Even now, as Trump makes clear his utter contempt for the Constitution and as evidence of his lawbreaking mounts, the “adults” are keeping mum. Mattis says former senior officials owe their erstwhile Trump administration colleagues “a duty of silence,” and the only objection Kelly has made since leaving the White House is that the president shouldn’t have replaced him with a “yes man,” as that might lead to Trump’s impeachment.
Meanwhile, an unexpected and somewhat ridiculous cast of onetime insiders is trying to check the White House. Michael Cohen, the president’s longtime personal “fixer,” gave scathing congressional testimony about Trump’s hush-money payments and shady Russian business deals. Anthony Scaramucci, Trump’s former White House communications director (fired from the administration after days for a foul-mouthed tirade), now refers to Trump’s administration as an “Orwellian nightmare” and has called publicly for the “off the rails” president to be impeached and removed.
Reality television villain Omarosa Manigault Newman, whose former White House job was never clearly defined, now tweets out a steady stream of criticism and praises the intelligence community whistleblower whose complaint sparked the impeachment inquiry proceedings. Former GOP congressman and radio host Joe Walsh — once so devoted to Trump that he tweeted in 2016, “if Trump loses, I’m grabbing my musket” — is now challenging the president for the Republican nomination and calling him a “traitor” who poses a “clear and present danger” to the country.
Cohen, Scaramucci, Manigault and Walsh make unlikely heroes. They’re scoundrels: disreputable, cartoonish figures, each of whom has long been mired in scandal and controversy.
But this is the painful paradox of life in Trump’s America. The adults in the room — those we counted on to keep Trump on the straight and narrow, or at least to bear public witness to his unethical behavior — are the people least likely to save us. Their strong internalized norms about duty, loyalty and honor leave them paralyzed and silent in the face of a leader who consistently flouts those norms. Meanwhile, the scoundrels — those who most resemble Trump in their shamelessness, desire for attention and willingness to bend the rules in their favor — are the ones coming forward to warn America about the threat Trump poses.
Perhaps this shouldn’t surprise us. Humans are social animals, and in ordinary times, those willing to sublimate their own needs and preferences to the needs of their social group are those we praise and admire. But decades of social psychology research suggests that in times of moral crisis, the very traits we normally value can discourage dissent. Mattis, McMaster and Kelly are all military men, used to respecting authority and suppressing their personal views for the sake of group cohesion. This works well in normal times, but not so well when they find themselves in a group that’s going haywire, led by a president who’s wholly without scruples. Meanwhile, the scoundrels may have certain built-in advantages in times of political turmoil. Reckless, ruthless and unrestrained, the Cohens and Scaramuccis of the world are accustomed to social opprobrium and live their lives unfettered by ordinary social norms of appropriateness and self-abnegation. And unlike the dutiful company men, the scoundrels have little to lose. If everyone already thinks you’re no good, why not be the one to gleefully point out that the emperor has no clothes?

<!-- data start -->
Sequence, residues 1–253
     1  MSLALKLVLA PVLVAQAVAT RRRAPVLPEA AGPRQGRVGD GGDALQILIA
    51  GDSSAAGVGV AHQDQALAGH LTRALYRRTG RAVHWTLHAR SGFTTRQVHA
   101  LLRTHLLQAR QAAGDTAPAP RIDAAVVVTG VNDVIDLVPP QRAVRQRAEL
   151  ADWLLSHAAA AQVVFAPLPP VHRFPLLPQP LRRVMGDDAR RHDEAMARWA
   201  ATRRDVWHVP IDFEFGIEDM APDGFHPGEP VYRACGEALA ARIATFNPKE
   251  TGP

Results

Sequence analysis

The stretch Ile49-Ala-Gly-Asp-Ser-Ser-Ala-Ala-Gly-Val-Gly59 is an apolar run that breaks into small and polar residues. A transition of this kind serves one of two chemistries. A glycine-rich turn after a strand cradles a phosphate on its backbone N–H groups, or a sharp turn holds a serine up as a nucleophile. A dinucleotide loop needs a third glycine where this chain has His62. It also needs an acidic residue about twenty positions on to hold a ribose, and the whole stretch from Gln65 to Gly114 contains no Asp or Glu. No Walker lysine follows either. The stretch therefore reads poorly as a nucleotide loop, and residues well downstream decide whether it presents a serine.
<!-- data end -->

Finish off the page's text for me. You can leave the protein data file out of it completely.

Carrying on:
Most Republicans in Congress reportedly have little love for Trump, but few GOP leaders will have the courage to criticize the president, much less to vote for his impeachment and removal, unless “respected” figures give them cover. If Mattis, McMaster, Kelly and other similar establishment members publicly condemn Trump, their criticism might open the floodgates and embolden other Republicans. But they’re too loyal to rigid codes of professional honor to denounce the president — even as he mocks them publicly and tramples upon the very institutions to which they have devoted their careers.
In recent weeks, several civil servants and military officers have provided important evidence buttressing the case for Trump’s impeachment. We should be grateful for their House testimony, but let’s not forget that few of them (as far as we know, only the anonymous whistleblower and Lt. Col. Alexander Vindman) stepped forward voluntarily. On the contrary, it took congressional subpoenas to get most to speak openly about a president who offers them no reciprocal loyalty.
Only the disgraces are willing to say what the adults in the room all believe to be true: Donald Trump is a corrupt and reckless thug. Perhaps it’s time for the mandarins to listen to the disreputable miscreants. After all, it takes one to know one.